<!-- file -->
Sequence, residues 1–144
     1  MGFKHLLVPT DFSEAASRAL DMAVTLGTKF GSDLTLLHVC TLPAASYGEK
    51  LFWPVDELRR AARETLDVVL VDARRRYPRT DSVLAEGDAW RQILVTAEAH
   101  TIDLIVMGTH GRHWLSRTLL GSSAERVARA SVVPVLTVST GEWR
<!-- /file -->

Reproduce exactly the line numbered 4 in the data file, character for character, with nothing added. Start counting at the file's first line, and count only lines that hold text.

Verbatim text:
   101  TIDLIVMGTH GRHWLSRTLL GSSAERVARA SVVPVLTVST GEWR